"Why would I not want someone to believe in people like me?" she asked.
Expanding the ground game
With the presidential election 14 months away, some political organizers say Democratic wins will come down to strengthened and expanded local outreach outside traditionally blue strongholds.
"There's more base voters in the cities. There's a lot of persuadable voters in the suburbs. But in most states, that's not going to add up to a win in North Carolina and Wisconsin and Pennsylvania," said Sarah Jaynes, the executive director of Rural Democracy Initiative, which supports voters in rural communities.
Jaynes warns that if Democrats are only mobilizing voters in urban and suburban areas, they may still lose statewide.
"So you have to pay attention to the rural areas when you think about the national map of where politics are the closest," Jaynes said.
Ahead of 2024, Jaynes said outreach to rural voters must be part of the 2024 game plan, making local organizing a key priority in that fight.
Clayton's plan to do just that is to put a candidate on the ballot in every state House and Senate race. It could be a daunting task following the 2022 election, where Democrats left more than 40 state races uncontested.
To accomplish this, Clayton wants to make sure county Democratic parties, especially in majority-minority counties, are getting support and resources from the state party to recruit candidates. She also wants to stay active in outreach to colleges, including at the state's historically Black colleges and universities.
But to local organizers, like North Carolina-based Vashti Hinton-Smith from the left-leaning group Common Cause, this is an ongoing, long and hard fight.
"I do wonder sometimes if it's too late," said Hinton-Smith, who runs Common Cause's civic engagement program at HBCUs within the state.
Though she agrees with Clayton's youth outreach plan and remains cautiously optimistic, she said politicians need to play the long game in order to make change, which may require less focus on wins right now.
"Let's also look four more years past," Hinton-Smith said, referring to the 2028 election. "What does that look like? How do we prepare for that?"
A local message meets a statewide audience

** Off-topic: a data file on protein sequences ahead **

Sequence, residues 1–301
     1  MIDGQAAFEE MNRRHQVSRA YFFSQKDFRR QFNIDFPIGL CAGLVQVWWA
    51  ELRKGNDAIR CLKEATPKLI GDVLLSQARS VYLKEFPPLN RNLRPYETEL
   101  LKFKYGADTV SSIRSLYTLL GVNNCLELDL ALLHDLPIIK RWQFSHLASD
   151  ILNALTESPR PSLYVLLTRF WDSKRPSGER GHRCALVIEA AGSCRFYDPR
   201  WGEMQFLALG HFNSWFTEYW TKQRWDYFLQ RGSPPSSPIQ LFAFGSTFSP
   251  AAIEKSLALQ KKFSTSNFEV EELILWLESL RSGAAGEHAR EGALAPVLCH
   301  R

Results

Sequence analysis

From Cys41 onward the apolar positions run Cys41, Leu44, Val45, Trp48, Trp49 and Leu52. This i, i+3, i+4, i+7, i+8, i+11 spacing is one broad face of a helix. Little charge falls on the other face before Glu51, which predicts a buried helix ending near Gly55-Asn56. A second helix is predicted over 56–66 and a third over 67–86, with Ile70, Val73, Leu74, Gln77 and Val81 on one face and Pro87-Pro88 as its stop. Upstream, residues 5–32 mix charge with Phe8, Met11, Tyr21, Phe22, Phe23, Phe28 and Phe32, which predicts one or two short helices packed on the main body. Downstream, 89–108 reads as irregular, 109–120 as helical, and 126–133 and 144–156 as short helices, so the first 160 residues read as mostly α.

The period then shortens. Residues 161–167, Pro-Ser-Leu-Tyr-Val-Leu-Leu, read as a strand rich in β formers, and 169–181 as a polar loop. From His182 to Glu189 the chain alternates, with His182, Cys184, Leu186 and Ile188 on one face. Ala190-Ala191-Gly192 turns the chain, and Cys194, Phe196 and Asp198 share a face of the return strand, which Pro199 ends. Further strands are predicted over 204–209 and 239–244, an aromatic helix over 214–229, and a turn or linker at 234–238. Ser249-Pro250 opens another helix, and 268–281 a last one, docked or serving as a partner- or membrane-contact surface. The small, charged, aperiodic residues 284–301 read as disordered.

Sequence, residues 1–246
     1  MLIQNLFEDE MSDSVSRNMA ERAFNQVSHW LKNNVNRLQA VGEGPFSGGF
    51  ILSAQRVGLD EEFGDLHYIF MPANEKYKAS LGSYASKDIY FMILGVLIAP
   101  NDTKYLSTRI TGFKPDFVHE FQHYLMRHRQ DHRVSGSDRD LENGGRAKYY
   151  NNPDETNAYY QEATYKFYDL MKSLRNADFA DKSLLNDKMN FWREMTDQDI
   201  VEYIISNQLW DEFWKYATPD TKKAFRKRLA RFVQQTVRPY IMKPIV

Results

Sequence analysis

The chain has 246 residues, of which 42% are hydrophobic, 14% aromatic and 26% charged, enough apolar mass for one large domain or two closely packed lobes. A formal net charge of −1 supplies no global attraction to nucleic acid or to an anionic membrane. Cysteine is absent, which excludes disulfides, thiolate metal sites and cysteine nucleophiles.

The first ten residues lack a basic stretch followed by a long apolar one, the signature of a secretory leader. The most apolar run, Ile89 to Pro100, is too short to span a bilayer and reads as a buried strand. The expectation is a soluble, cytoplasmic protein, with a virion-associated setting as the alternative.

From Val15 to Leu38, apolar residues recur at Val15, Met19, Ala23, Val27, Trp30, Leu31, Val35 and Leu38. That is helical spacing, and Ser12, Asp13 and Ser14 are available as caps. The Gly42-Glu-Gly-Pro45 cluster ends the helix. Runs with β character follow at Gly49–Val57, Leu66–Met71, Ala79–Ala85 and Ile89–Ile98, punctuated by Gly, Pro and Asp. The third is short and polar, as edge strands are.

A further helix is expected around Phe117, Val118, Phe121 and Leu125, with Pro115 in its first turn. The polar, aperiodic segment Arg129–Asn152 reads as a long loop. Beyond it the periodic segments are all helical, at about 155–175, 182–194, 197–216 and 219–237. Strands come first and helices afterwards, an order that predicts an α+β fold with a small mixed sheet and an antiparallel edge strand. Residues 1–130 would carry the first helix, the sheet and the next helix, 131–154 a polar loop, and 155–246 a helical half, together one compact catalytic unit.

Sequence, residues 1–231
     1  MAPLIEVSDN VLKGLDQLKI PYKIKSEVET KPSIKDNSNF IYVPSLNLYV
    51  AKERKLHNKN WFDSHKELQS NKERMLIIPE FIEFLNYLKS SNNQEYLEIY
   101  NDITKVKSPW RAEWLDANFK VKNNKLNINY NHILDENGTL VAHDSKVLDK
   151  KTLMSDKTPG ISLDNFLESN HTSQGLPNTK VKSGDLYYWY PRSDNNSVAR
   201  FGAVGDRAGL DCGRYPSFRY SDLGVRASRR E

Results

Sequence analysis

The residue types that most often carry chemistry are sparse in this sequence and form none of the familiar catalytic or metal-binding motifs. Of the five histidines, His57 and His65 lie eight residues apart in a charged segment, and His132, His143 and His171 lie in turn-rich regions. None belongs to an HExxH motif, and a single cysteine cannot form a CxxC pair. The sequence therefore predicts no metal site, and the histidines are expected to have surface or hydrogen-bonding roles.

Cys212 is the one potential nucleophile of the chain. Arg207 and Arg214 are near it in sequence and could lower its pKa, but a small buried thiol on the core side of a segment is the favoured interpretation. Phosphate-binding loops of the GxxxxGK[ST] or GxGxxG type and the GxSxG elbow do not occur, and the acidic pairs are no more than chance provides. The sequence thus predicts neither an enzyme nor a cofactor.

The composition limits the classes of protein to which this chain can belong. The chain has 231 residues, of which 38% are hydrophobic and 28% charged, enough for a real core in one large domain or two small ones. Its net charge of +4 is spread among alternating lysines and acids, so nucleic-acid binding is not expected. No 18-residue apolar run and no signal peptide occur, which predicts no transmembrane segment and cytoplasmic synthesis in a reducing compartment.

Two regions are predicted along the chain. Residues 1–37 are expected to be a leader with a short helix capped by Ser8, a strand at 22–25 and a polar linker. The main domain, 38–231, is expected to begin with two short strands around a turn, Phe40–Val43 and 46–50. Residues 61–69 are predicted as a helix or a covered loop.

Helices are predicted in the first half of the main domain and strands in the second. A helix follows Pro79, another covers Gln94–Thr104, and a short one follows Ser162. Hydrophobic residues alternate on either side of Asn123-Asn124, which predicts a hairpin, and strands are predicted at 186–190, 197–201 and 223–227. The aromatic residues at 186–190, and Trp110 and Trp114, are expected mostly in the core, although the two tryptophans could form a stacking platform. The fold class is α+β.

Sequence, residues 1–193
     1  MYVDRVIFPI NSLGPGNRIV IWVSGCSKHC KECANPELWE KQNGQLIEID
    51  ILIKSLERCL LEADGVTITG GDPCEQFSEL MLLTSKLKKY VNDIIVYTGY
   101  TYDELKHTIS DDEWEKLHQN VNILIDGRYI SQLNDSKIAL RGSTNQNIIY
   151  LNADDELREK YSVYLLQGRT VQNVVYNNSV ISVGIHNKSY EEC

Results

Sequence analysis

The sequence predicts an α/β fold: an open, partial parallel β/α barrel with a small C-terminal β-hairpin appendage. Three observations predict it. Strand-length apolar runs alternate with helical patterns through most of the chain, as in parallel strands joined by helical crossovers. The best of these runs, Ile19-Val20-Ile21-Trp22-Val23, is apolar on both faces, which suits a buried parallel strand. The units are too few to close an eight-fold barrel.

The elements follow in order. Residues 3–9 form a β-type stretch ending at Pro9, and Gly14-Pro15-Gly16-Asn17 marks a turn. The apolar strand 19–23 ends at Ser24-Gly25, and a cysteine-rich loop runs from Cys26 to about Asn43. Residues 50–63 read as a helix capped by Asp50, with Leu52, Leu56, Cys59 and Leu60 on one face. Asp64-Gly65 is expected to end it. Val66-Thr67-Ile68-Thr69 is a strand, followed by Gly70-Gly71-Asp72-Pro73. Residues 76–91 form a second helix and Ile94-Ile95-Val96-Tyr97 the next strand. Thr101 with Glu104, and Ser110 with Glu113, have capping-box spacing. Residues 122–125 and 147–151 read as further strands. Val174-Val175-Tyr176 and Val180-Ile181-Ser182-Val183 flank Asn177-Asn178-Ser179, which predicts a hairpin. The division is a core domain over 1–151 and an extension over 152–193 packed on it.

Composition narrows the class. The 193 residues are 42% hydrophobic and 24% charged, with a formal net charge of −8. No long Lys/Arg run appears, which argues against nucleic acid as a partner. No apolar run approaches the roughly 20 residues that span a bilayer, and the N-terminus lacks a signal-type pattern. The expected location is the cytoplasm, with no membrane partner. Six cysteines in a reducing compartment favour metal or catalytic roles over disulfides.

As Clayton attempts to rally support, Republicans plan to cede no ground.
"You can't ignore any demographic because you may lose them," Republican state House Majority Whip Jon Hardister told NPR after a Wake County Republican meeting in June.
"Let's make sure we have our base, but you have to go after the swing voters," he said. "At the end of the day, you've got to win those voters in the middle, and you do that by talking about the issues they care about."
According to Hardister, that means economic concerns remain a primary focus, particularly when talking with young voters across the state.
Walking around downtown Roxboro, Clayton feels that economic message acutely. She remembers being told by teachers and her mom to leave to be successful and find the job she wanted.
"It just has become this unfortunate circumstance that a lot of young people find themselves in places that look like this," Clayton said. "Young people all the time [are] told that you have to leave your small town in order to be able to make a living because there's not enough opportunity."
It's something that still sticks with her and continues to inform her work, especially as she tries to convince voters like her that the Democratic Party is worth another look.
"I want people to see opportunity everywhere, and it shouldn't matter your ZIP code or where you're from. You should be able to experience and live in your community, but also have so many opportunities," Clayton said. "I think it's the message of the Democratic Party nationwide. I just don't think we've figured out a way to really tell that message yet."
This story is part of a two-part series on the country's youngest state party chairs.